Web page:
Life Cycle Assessment

Sustainability with both eyes open

Written by: Jessica Wright

Sustainability returns value to organizations of all types. A sustainability assessment can reduce costs and minimize waste. It also bring market advantage. A recent survey found that 88% of respondents preferred brands that helped them, as consumers, to be more environmentally friendly. Greater sustainability can bring the benefits of  improved environmental management to manufacturers as well as other types of businesses and entire communities.

Stages of a Full Life Cycle

The Product Perspective

The concerns that manufacturers have about their brand and product sustainability are not new. Twenty years ago, the Organization for Economic Co-operation and Development (OECD) documented a strategy to include environmental costs in a product market price. That pricing strategy, Extended Producer Responsibility (EPR), considers the full life cycle. A full life cycle begins with product design, continues through manufacturing, distribution, use, and end of life.

Several factors impact the environmental sustainability of businesses and the products or services they provide. Some factors will impact multiple life cycle stages. These examples are relevant to a business organization:

  • What features of the organization’s facilities ensure healthy workplaces?
  • How much energy is used in production and other operations? What types of energy are used?
  • Which materials does the organization use, and where they are sourced?
  • What waste products occur?
  • How much potable and reclaimed water is used inside and outside the organization’s buildings?

Sustainable Operations

Business operations of all types leave carbon footprints. Even service organizations that never manufacture have environmental impact. That makes sustainability relevant to every office of every building. Day-to-day commercial activity leaves deeper carbon footprints and more wasted resources when concerns like these are overlooked:

  • How much energy is being used, and what are its sources?
  • What policies and equipment are in place to avoid wasted water?
  • How are maintenance costs monitored and controlled?
  • What are the organization’s policies for Solid Waste Management (SWM)?

Considering the Community

Communities share some environmental impact factors with businesses, but have additional, non-commercial reasons to seek sustainability. Community leaders may focus on initiatives that boost economic, physical, and social progress. Those initiatives also avoid environmental and public health risks that could undermine community development. As civic leaders weigh initiatives, environmental impact factors like these may apply:

  • How would converting partially or fully to renewable energy sources impact homes, businesses, and public utility infrastructure?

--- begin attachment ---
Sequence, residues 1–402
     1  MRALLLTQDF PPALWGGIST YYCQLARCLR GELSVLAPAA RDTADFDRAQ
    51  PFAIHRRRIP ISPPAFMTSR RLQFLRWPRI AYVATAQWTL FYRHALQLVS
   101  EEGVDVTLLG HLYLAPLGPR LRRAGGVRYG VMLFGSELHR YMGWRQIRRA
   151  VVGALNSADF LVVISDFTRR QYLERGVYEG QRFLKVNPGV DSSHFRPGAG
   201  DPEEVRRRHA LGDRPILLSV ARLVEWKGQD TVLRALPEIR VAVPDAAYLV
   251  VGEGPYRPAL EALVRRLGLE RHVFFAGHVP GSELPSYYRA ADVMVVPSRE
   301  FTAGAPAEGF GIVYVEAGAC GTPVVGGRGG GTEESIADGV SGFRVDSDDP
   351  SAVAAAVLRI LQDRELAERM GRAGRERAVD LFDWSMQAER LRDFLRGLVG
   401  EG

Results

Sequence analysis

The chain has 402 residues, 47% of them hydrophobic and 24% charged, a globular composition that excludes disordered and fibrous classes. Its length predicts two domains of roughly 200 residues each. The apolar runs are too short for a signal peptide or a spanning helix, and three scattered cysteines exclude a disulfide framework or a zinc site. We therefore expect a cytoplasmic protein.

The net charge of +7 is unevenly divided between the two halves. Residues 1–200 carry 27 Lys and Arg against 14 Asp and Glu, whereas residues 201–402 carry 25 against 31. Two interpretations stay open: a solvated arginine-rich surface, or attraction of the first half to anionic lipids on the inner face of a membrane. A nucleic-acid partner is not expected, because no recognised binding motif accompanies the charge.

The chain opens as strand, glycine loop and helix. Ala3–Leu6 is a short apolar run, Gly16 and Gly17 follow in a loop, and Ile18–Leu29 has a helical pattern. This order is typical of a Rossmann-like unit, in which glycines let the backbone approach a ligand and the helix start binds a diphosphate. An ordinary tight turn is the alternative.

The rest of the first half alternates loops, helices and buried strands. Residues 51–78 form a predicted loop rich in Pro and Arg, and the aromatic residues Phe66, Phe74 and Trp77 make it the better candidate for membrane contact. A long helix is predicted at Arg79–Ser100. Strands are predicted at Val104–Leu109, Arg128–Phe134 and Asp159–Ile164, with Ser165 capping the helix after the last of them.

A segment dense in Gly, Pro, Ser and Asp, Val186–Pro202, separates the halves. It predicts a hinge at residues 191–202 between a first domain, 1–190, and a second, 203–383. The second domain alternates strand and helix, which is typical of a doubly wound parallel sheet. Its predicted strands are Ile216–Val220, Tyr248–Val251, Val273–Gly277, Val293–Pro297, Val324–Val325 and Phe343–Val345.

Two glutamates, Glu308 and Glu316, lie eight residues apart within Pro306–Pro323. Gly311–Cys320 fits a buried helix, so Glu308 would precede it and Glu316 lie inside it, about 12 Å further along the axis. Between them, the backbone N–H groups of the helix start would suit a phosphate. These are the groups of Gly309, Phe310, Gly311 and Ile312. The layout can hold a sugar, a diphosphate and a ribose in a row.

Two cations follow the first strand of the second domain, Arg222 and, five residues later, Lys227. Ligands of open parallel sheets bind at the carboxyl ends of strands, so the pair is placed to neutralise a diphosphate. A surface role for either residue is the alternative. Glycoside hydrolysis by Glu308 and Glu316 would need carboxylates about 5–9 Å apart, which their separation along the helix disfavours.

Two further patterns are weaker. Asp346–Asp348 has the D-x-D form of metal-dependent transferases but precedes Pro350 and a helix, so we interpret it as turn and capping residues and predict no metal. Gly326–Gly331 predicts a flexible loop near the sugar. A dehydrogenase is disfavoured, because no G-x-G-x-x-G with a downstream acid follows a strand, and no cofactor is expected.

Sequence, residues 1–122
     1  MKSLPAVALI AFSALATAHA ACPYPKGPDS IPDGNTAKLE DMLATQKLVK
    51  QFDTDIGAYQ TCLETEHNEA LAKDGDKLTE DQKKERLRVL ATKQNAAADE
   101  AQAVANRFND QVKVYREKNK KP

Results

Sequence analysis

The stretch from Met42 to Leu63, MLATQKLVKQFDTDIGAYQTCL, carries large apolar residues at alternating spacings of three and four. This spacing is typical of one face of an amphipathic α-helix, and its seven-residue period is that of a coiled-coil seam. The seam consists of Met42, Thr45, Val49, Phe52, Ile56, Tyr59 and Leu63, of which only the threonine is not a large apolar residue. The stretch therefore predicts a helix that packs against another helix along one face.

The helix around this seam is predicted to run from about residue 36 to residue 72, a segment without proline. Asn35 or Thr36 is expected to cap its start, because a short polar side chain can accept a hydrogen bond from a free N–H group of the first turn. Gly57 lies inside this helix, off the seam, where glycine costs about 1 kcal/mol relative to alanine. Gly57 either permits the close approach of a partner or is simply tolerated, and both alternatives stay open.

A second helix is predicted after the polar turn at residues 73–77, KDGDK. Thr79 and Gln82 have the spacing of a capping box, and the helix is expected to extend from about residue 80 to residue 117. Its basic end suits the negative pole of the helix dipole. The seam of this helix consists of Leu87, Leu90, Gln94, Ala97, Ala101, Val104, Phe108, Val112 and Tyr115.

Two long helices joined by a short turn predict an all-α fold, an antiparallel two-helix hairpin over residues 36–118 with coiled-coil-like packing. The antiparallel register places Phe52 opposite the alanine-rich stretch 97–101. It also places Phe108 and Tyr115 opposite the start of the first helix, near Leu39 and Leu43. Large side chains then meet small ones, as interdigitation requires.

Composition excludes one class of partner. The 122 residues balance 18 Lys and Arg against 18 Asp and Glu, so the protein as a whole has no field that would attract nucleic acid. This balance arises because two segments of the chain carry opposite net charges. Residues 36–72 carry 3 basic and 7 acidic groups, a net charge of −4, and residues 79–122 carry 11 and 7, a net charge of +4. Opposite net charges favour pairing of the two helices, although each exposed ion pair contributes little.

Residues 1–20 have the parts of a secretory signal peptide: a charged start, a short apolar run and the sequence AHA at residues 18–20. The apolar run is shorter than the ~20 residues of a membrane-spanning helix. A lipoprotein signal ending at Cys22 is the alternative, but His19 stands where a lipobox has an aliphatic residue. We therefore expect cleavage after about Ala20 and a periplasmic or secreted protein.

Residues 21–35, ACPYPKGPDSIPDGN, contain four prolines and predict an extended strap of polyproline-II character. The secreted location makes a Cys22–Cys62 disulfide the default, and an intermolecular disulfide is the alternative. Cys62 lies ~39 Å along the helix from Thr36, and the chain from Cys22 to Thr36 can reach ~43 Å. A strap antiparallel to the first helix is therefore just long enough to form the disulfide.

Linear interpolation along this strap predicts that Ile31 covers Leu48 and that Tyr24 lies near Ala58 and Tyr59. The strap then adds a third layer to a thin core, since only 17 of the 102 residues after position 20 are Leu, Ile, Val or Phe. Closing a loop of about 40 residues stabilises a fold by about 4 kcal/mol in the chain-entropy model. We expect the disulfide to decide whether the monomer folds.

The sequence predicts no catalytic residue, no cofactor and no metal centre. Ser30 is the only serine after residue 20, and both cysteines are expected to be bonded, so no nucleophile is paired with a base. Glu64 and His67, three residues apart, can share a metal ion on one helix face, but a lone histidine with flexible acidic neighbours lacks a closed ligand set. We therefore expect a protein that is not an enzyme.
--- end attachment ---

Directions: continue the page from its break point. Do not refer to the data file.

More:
• What would result if street and lighting improvements made cycling and walking better alternatives to petroleum-powered commuting?
  • As public transportation is upgraded and expanded, which types of fuel should those vehicles use?
Life Cycle Assessment Phases
ISO 14040: Environmental Management – Life Cycle Assessment

The relevant environmental impact factors and life cycle stages will vary from product to product and service to service. To control complexity and cost, goals must be set as the scope is well-defined. Life Cycle Assessment (LCA) addresses all of that in the first of four interrelated phases.

ISO 14040 provides a framework to measure the total environmental impacts of products, operations, and public works. A full LCA assesses environmental impacts through all stages of the supply chain. The cycle begins with extraction of raw materials and through manufacturing through the applicable SWM strategies.

SOURCES:

Medium.com — A Guide to Life Cycle Thinking
EPA.gov — US EPA Life Cycle Assessment: Principles and Practice (.PDF)
Forbes.com — Why Corporate Strategies Should Be Focused On Sustainability

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AWARE of CDC and NIH guidelines

The Baseline Property Condition Assessments described in ASTM E2018-15 do not specify consideration of infectious disease transmission concerns. In a pandemic and post-pandemic environment, that inspection and documentation is essential.

Buildings open to the public must comply with local regulations. For best results and greatest public acceptance, any planning for building repairs and maintenance should not overlook current CDC and NIH guidelines.

Optionally, ecoPreserve's can assist with a comprehensive GBAC STAR™ Accreditation which extends beyond the building to include the goals, actions, equipment, and supplies needed to implement best practices for outbreak prevention, response, and recovery.

Tools tailored to location and need

Disaster resilience requires a select toolset, identified, adapted, or created as needed based on planning calls and inclusive workshop participation.

Business and government organizations today are confronted by threat categories that range from drought to flood, from fire to hurricane, and extend globally to pandemics and sea level rise. Threat categories are broad and diverse, but ecoPreserve and collaborating organizations design resiliency tools for specific local context.